One of the things you do when you become a dad is immediately think of the things you’re going to do with your kids. You want them to love the things that you love. It’s a pipe dream, of course. You hope, but it usually doesn’t turn out the way you planned it. I never had a desire to stand for hours watching commuter trains go by, but my boys love it, so now it’s something special for me. If we had a girl, I imagine Amy dreaming of that first time seeing the Nutcracker like she did when she was a young girl, or their first mani-pedi together. Not that you can’t do that with boys. For me, as I watched Alex (and then Ryan) being born, I was already planning out the first time they would watch Star Wars. I imagined sitting them down on a long holiday weekend, putting in A New Hope and taking them on the same journey I went on so many years ago (by the way, you need to watch them in machete order which is 4,5,2,3,6 – skip Phantom Menace). But….as I mentioned, it never turns out that way. I grew up with Star Wars. It was a big part of my life, almost as much as baseball. I was five when A New Hope came out in 1977. I kind of remember being at a theater in New York City. I remember, a few years later, standing outside a theater in New Jersey crying because they were sold out for The Empire Strikes Back (no fandango back then!). But most of all, I remember playing with my action figures. I had an original Millennium Falcon, an AT-AT, I had it all. I remember driving all the way to Woodbridge Mall in New Jersey with my mom to the special toy store (Heroes World?) trying to get the Yoda action figure. I can’t recall how many times we went just to see if they had it, but my mom probably does. All of it was so special to me. As an adult, I often laced my work presentations or everyday conversations with Star Wars references – “You must unlearn what you have learned” was a favorite of mine. Anyway…I had big plans for Alex.
The more you start thinking about when to show your kids Star Wars, the more you have to really consider if your kid is ready. I myself am a pretty lenient parent when it comes to certain things like sugar intake and iPad time. But, the world has way too many guns in it and Amy and I have tried to shield Alex from violence, especially gun violence (another pipe dream by the way – the minute a 4-year hits preschool, it’s all shooting games). Star Wars is many things…one of those things is really violent. Just look at the new The Force Awakens poster and you’ll see what I mean; every character has some type of weapon. When I thought about Star Wars now, I realized that the majority of the movies involve blasters, explosions and sword fights. And it’s scary too. When I was 8 years old and saw The Empire Strikes Back for the first time, some of the scenes on Dagobah with Yoda scared the crap out of me. So while I was desperate to show Alex the Star Wars movies, my bigger fear wasn’t that he would be scared. It was that he wouldn’t like it. I would rather him not see it than not like it. Well…a funny thing happened on the way to Tatooine. The boys at school love Star Wars. That’s all they talk about. My first hint was Alex wanting to be Darth Vader for Halloween. He started naming some characters, ones that I had never introduced to him. It was beginning… I decided to show him the first scene of Star Wars. It’s iconic. Darth Vader’s star destroyer captures Princess Leia’s ship and we see Leia give R2-D2 the secret plans for the Death Star. It’s also super violent with the rebels getting shot by Storm Troopers and everyone falling to their deaths. No blood, but still a whole hell of a lot of shooting. I guess I just never truly realized. About three minutes in I can tell Alex is scared and he says, “I don’t ever want to see that again.” I look up at Amy and my eyes say everything, I just ruined Star Wars for my boy. And then I did something that goes against everything I stand for as a Star Wars fan. I downloaded the movie to Alex’s iPad and told him he could watch scenes out of order – that’s how he watches movies that he has already seen. I figured he could watch some of the cool scenes and skip ones he didn’t like – and at the same time I really wasn’t ruining the experience because he wasn’t capturing the full story. It worked. And then came the questions…lots of them. I could list them all, which was one of my original ideas for this blog, but the guys at How to Be A Dad did a ridiculously awesome video you may want to check out instead. There were some great one-liners, though, like “why did he say may the forest be with you?” or “search your feet?” Actually he said “search your feelings, Alex.” (side note: Did Obi-Wan mumble?) For Alex, the questions weren’t just about the movie itself, but some of the dialogue too –-now I can completely justify watching at bedtime because we’re working on vocabulary! Anyway…I digress. Alex asks me about who is good, who is bad. Then he asks me again, and again, and again. We learn all the characters names. We learn who is a Jedi and who is a Sith. He asks about tie-fighters and X-wing fighters. And he asks me to imitate R2-D2…CONSTANTLY. We watch the run on the Death Star at the end of A New Hope so many times, I’ve lost count. A typical conversation goes like this… “Dad, is that Boba Fett, is he a good guy or a bad guy?” “He’s a bad guy. He’s a bounty hunter.” “Is he a Sith?” “No, Sith use the force, like Darth Vader or the Emperor” “Is he like IG-88?” “Wow…yes…exactly.” This has already been a great Christmas for me. I’ve been on eBay buying up action figures for him. We got him a really cool new X-wing fighter and an R2-D2 lunch box. Amy just rolls her eyes every time I say something like, “But, but…you can’t have an R2-D2 action figure and not C-3PO.” I’m sure she realizes too that I’m keeping at least 50% of the stuff I buy for myself. The other day, Alex saw a new Captain Phasma stormtrooper action figure I had just bought and thought it was for him. Ha! Not a chance kid.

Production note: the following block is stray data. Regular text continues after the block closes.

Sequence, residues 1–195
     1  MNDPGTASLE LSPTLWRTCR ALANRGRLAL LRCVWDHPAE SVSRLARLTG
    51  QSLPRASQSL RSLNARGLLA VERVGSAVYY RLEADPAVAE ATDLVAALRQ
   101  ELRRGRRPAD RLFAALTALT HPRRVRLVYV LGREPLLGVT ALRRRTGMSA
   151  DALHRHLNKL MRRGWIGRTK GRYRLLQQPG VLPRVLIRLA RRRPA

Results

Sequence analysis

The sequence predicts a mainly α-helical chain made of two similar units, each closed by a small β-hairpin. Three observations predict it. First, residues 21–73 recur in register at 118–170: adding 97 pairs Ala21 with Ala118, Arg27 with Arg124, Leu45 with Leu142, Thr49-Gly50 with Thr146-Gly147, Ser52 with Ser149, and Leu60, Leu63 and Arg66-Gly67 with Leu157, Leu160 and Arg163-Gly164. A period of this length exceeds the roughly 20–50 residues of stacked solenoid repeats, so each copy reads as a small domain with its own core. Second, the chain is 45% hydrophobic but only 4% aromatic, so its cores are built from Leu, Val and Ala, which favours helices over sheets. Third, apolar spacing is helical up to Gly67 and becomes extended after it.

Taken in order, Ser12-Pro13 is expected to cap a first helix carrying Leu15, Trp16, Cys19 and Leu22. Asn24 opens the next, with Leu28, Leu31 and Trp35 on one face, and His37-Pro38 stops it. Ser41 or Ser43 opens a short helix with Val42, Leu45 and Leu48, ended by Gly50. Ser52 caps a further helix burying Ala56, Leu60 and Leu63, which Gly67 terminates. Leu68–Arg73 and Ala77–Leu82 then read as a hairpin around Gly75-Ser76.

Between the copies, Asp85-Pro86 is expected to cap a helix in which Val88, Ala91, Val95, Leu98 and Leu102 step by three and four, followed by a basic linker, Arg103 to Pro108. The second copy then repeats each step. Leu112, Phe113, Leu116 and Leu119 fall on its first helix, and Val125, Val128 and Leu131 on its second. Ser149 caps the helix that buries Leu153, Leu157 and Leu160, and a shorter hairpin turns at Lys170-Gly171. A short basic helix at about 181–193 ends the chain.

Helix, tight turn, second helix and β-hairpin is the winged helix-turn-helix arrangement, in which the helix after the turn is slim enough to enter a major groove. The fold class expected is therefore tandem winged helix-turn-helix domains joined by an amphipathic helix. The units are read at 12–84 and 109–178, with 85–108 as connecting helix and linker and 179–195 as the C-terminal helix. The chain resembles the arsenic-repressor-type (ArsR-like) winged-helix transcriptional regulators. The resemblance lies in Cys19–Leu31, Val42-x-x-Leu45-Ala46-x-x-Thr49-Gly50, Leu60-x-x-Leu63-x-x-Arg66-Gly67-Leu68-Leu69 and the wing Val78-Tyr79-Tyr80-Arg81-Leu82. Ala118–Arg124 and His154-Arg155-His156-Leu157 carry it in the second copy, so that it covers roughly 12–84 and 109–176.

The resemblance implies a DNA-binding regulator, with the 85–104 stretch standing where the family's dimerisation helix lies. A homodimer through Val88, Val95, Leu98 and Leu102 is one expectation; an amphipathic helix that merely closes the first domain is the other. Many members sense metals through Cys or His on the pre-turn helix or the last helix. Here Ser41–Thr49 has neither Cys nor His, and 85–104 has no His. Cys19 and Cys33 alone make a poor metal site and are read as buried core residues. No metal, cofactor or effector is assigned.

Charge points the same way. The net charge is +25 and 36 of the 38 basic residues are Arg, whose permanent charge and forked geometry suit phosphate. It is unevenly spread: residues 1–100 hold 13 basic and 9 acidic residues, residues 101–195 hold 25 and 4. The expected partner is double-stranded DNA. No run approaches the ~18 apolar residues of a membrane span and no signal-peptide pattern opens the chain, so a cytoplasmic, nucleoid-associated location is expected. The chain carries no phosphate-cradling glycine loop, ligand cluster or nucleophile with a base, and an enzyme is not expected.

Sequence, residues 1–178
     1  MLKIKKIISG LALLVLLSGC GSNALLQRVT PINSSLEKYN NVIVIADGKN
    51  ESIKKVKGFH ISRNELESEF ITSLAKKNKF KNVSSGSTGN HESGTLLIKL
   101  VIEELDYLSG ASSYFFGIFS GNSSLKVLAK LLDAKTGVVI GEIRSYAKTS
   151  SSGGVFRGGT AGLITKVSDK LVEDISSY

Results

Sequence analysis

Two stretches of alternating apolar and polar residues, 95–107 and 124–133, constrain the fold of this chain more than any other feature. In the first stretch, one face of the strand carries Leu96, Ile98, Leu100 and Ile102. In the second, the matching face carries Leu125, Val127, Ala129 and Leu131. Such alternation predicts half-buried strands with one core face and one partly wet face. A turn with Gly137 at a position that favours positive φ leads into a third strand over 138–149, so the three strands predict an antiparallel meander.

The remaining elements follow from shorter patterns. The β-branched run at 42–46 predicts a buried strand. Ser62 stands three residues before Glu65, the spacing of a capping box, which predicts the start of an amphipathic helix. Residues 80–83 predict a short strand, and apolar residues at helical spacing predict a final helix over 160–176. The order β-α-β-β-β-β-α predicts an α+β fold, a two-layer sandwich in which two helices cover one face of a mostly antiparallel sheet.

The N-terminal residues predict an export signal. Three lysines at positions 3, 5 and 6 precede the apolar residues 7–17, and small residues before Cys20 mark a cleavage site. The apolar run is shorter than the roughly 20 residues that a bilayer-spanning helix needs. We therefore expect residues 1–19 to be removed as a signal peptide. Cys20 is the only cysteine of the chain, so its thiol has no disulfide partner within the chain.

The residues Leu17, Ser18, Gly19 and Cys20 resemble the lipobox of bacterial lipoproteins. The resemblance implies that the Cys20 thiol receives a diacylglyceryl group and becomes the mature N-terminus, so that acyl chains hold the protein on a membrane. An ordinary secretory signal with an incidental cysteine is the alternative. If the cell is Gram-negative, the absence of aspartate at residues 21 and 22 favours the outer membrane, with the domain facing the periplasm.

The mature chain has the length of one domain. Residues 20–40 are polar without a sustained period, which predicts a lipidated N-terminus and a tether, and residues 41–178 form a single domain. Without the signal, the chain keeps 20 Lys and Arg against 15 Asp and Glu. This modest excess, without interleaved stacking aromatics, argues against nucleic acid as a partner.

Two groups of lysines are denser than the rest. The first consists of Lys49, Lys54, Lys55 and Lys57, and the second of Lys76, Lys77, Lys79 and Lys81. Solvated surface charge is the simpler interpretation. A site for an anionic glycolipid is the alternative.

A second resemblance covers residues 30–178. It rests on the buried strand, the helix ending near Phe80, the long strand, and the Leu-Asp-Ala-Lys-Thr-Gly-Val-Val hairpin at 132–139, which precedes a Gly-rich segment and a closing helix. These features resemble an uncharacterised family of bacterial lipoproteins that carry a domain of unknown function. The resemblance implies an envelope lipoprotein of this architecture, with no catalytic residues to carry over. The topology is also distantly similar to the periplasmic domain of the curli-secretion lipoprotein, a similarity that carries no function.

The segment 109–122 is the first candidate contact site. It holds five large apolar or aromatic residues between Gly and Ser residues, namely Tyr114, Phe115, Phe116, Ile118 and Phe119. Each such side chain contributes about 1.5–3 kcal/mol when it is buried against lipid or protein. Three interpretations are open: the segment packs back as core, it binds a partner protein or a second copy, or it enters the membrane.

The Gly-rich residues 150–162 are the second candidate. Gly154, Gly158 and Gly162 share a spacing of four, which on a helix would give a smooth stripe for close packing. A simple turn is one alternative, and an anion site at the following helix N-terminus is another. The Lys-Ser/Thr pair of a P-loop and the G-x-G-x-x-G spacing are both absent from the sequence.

But mostly it’s been great because it’s another thing we get to do together. I’ve realized that the greatest gift of Star Wars isn’t the actual movies themselves, but the time together and seeing his eyes light up at the wonder of it all. I love watching his imagination work just like it did for me more than 30 years ago. And he’s gotten over that first scene…he watches it all the time now narrating it for me. Is Princess Leia dead daddy? Nope. They set their blasters to stun. What’s stun? Stun is… The other night, Amy was putting Ryan’s pajamas on as I stood by. Ryan was breathing funny. Really deep breaths. I got nervous for a second until I thought I knew what he was doing. “What are you doing, Ryan?” I asked. “Darth Vader,” our two-year old replied. There is another. .